In August 2022 an article for NAM’s Aidsmap detailed the approval of Gilead Sciences’ long-acting HIV capsid inhibitor lenacapavir. Marketed as Sunlenca, it’s a twice-yearly antiretroviral indicated for “treatment-experienced people with multi-drug resistant HIV who cannot otherwise construct a fully suppressive regiment”.
Gilead Sciences stated that lenacapavir is a “first-in-class capsid inhibitor with a multi-stage mechanism of action”. With no known cross resistance, it offers a six-monthly treatment option for “people with HIV whose virus no longer effectively responds to their current therapy”. Dr Jean-Michel Molina, Professor of Infectious Diseases, described the “critical unmet need” that lenacapavir would be able to fill.
“Lenacapavir provides an innovative long-acting HIV therapy option with potential to transform the clinical landscape”.
Previously known as GS-6207, lenacapavir disrupts the HIV capsid. It has a long half-life in the body, which enables subcutaneous injection once every six months. However, it must be taken in combination with other antiretrovirals, as oral medications. Before lenacapavir programmes begin, a tablet formulation is used for a fortnight’s “loading period” to create a foundation before the long-acting injections.
Sunlenca uses a “multi-stage mechanism of action”, which distinguishes it from other antiviral agents. In addition, it provides a “new avenue” for treatment of individuals with multi-drug resistant HIV. Sunlenca is designed to inhibit HIV at “multiple stages of its lifecycle” rather than just one stage of viral replication. It is indicated in the EU for the treatment of adults in combination with other therapies.
The CAPELLA study evaluated lenacapavir in combination with an “optimised background regimen in people with multi-drug resistant HIV who are heavily treatment-experienced”. Gilead described the study as a “double-blinded, placebo-controlled global multi-centre study”. It was designed to “evaluate the antiviral activity of lenacapavir”. When administered every six months as subcutaneous injection lenacapavir “achieved an undetectable viral load” at week 52 for 83% of participants. The study took place across North America, Europe, and Asia.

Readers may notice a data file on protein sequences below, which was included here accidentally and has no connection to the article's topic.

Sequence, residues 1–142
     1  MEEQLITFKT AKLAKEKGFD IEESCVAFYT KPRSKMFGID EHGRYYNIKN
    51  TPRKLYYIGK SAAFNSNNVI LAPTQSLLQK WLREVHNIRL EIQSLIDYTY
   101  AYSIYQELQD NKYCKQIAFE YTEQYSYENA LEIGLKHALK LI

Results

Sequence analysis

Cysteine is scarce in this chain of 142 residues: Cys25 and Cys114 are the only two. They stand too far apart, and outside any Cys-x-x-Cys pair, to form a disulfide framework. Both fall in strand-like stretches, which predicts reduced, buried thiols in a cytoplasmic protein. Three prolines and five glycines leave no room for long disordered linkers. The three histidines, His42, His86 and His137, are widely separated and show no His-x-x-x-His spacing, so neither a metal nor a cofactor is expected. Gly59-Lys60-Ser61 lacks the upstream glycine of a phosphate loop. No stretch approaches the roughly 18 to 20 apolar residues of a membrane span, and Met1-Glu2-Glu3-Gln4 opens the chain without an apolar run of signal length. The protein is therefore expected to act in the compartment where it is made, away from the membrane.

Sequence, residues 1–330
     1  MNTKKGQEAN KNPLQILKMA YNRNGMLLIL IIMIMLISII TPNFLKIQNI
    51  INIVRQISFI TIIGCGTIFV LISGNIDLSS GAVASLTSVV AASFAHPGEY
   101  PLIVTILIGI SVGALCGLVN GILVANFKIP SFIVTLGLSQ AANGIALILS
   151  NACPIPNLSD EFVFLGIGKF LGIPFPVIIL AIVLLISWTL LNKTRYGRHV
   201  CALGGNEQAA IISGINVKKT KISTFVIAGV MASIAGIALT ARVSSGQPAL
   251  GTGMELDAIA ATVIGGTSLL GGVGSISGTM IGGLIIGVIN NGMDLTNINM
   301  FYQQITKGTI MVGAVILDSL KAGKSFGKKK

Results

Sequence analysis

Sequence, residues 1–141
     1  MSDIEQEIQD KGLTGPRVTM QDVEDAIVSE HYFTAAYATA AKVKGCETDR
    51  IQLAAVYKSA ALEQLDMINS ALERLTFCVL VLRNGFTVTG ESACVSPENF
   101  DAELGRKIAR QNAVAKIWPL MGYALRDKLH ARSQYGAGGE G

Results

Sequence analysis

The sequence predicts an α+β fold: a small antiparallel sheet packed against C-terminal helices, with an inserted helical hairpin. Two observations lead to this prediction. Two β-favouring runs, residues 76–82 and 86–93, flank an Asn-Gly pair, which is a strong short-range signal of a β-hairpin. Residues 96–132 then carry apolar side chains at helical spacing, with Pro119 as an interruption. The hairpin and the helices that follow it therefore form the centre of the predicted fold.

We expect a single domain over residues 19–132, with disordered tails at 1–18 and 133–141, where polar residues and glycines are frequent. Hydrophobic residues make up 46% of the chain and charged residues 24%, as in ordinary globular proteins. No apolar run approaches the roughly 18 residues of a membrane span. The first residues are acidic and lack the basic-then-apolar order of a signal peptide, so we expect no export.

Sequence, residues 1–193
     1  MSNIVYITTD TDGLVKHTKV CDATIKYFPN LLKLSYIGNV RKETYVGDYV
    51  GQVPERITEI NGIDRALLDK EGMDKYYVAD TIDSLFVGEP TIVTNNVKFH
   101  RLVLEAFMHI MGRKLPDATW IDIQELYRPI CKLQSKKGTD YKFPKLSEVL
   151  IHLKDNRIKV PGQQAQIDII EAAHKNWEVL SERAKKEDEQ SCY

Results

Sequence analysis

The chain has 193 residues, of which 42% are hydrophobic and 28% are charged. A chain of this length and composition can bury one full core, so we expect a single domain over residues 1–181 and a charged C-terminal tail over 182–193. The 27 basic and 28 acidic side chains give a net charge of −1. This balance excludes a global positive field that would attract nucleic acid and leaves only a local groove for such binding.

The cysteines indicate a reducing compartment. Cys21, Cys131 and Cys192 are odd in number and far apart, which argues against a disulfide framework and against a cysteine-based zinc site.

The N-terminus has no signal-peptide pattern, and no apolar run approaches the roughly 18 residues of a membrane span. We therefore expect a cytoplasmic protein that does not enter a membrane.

Daniel O’Day, Chairman and CEO of Gilead Sciences, described this as an “innovative new option for long-acting care”.
“Lenacapavir is a unique and potent medicine with the potential for flexible dosing options”.
He suggested that a long-term goal is to “deliver multiple long-acting options in the future” in the quest to make a “fundamental difference” to “end the HIV epidemic”.
Although this recent authorisation applies to the 27 member states of the EU, Norway, Iceland, and Lichtenstein, the FDA put a clinical hold on lenacapavir. Due to concerns about the glass vial used for injectable formulation, it was not approved. However, this hold was lifted in May 2022. Gilead submitted a new drug application after changing the glass. A decision from the FDA is expected within a year.
For more HIV news and approaches at the World Vaccine and Immunotherapy Congress West Coast in 2022 get tickets here.